I came across Opium (previously Werner’s on Changkat) like many others through a deal site. No, I have not been to el cerdo or Dining in the Dark (who has the same owner, Chef Werner Kuhn) so I’m not familiar with these restaurants nor know what to expect. LC however has been to el cerdo and sings praises about their pork, pork and pork so there was a benchmark set for Opium.
We did glance through their menu provided on Groupon before purchasing the deal so the Wagyu Rendang was a definite for the night.
I was a bit adventurous and decided on the Braised 5 Spice Duck. Both dishes are served with either a poppy seed rice or lotus leaf buns and a small side salad.
For starters, we ordered the Mango Salad with Softshell Crab and Salt and Chilli Squid.
On the drink menu, I picked a Mango Assam Boi while LC went for the Calamansi Apple Ginger (bold choice). I’ve been told that the Sunrise Cooler was a staple back in Werner’s.
Opium’s decor is a mix of exotic and mysterious Chinese with old china, glass stained windows, brass door knocks, seductive posters, oil lamps, antique decor and wood fixings. It is easy to imagine ladies clad in cheongsams and men in Chinese robes socializing along with wisps of smoke floating through the air so the interior of Opium has me thoroughly impressed.
The drinks arrived first in adorable pots that looked like a crossbreed of a flower pot and a mortar. The drinks were very good. LC’s Calamansi Apple Ginger was fresh with the slightest tang of ginger. Recommendable even if you don’t like ginger (like me). My sweet and sour Mango Assam Boi has bits of mango and assam in every sip. Also very well balanced and refreshing. Later on, LC ordered the Sunrise Cooler which was very nice too.
The appetizers arrived together. The softshell crab – a bit oily and salty to my liking. The mango salad was nice with the crunch of the anchovies. The chilli and salt squid was a hit and miss for me. Some pieces of the squid were too salty, some were just right. It had light hints of szechuan peppercorns which I usually don’t like but it went well with the squid.
The pacing between courses was just right and the waiters were always in sight and attentive so our main courses arrived a few moments after our starters were whisked away. LC was not impressed by the taste of the rendang on its own but with the mantou, it was good. The texture of the wagyu was not as tender and melt in your mouth as I expected but LC was quick to remind me that even wagyu comes in different grades. Even so, I was quite disappointed as I’ve had more fragrant rendang and the dish as a whole was just okay.
The presentation of the brass pot sitting on a tea candle is purely for presentation purposes only. I lifted the pot in which my braised duck sat in and touched the bottom, it was just warm. The candle was too far from the pot for it to even warm my pot, what more my food. I tested the side salad first and foremost and it tasted strange. A mixture of raw cabbage, carrot with hints of sweet, sour and the fragrance of coriander was lost to me. If the dish was served with acar, I would have been more receptive.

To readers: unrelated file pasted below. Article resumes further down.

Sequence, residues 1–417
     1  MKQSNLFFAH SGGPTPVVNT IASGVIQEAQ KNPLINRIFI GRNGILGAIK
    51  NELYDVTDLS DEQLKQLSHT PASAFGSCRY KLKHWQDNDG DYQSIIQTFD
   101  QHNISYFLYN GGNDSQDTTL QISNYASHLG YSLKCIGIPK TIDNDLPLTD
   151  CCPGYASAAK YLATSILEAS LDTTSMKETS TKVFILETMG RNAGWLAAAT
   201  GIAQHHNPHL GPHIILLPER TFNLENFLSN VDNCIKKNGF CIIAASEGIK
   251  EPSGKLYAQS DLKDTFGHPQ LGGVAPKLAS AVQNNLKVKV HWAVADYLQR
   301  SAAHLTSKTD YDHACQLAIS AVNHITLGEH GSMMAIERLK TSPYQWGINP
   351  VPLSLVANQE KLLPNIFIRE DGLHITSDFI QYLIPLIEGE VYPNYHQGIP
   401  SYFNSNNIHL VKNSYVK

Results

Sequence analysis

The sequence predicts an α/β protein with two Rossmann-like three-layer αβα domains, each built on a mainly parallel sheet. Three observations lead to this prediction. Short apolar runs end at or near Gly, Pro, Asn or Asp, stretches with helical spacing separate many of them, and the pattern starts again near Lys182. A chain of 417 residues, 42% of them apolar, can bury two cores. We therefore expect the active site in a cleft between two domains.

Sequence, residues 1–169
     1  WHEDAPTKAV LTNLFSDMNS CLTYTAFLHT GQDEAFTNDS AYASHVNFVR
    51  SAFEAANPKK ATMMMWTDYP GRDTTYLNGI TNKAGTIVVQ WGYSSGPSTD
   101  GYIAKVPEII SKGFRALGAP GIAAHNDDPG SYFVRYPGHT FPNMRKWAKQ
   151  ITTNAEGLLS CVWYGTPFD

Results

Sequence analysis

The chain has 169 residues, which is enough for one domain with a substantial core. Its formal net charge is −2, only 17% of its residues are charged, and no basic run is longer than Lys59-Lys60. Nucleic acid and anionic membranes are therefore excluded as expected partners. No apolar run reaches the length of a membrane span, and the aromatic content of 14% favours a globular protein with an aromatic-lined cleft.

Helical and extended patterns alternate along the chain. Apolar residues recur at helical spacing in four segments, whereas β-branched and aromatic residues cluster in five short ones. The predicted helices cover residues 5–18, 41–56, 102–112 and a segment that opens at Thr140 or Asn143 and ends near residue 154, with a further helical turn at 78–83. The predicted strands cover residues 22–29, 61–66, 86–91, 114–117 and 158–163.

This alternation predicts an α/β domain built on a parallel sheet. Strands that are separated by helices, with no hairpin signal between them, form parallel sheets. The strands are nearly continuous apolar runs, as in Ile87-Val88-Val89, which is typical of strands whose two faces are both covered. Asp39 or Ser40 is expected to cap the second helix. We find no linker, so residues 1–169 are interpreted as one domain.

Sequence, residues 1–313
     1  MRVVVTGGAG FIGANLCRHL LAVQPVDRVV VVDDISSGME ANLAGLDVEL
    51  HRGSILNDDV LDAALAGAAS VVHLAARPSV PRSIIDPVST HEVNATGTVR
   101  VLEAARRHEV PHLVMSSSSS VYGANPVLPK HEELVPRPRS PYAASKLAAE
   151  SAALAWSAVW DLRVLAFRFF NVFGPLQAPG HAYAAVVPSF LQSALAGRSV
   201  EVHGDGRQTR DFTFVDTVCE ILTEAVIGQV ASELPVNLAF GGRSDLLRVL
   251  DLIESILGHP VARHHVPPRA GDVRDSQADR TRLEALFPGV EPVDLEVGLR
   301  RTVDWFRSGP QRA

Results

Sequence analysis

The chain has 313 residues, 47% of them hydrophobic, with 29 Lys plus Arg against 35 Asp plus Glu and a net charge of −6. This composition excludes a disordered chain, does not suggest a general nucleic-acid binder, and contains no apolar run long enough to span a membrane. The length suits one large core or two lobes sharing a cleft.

My first slice of duck was tough. So was the second, third and forth right up till the last piece. The thick, sweet cranberry juice and five spiced sauce with cubes of radish and mushroom which accompanied the duck left me a little puzzled as they didn’t go well with each other. Perhaps it’s a style of duck I’m not familiar with. But the tough duck irked me the most as I struggled piece after piece. LC tried a slice and gave up after he too failed to bite through the tough meat.
We’re not sure if the pink middles of the duck breast (apologies for the awful photo but I’m trying to prove a point) was the cause of the toughness but braising should have produced more tender duck. Also, the sauce failed to cover the gamey-ness of the meat. Overall, I was quite annoyed and was really looking forward to dessert.
LC ordered a Sago Gula Melaka while I ordered a Melon Ice. The gula melaka was thick and fragrant – very nice with the slivers of nangka and clumps of sago. My melon ice had vanilla ice cream, pureed honeydew melon, more sago and cubes of honeydew melon. I thought the honeydew puree was very smart as the honeydew taste distributed well in the glass. LC was more impressed by his dessert though, I agreed.
Overall, the meal was memorable for the wrong reasons and for the price paid, I expected better quality food. If I were to come back, the only reason would be the drinks and the atmosphere but for me, drinks + atmosphere does not justify as a purposeful trip down to Changkat.
With the bill came 2 pieces of traditional sweets – cubes of flour and sugar, very traditional Chinese which perhaps only my parents and grandparents would appreciate. A nice, nostalgic touch to end the otherwise not-so-nice dinner.
I took the time to look at some opium pipes and tea pots being displayed outside the kitchen while I waited for LC and I was approached by Sascha. Willing to impart on his knowledge of opium pipes (which he sheepishly admitted he’d read up only weeks before), I was given a brief history on how the opium pipes worked before LC reappeared. We then talked about the restaurant, the food and future plans for Opium.
The story of the name Opium surfaced as deliberately ‘offensive’ as the parents of this GM/PR manager had a restaurant in Thailand called Phuk-It (‘Ph’ is pronounced commonly as an ‘F’ in Thailand, go figures) and they wanted the same memorable effect for Opium. On our grievances, he promised that the next time we visit, “we will say wow to the food”. I can only hope that he’s not too offended by our comments (we were brutally honest) and Sascha, we wish you all the best and perhaps after this initial teething period, we may come back.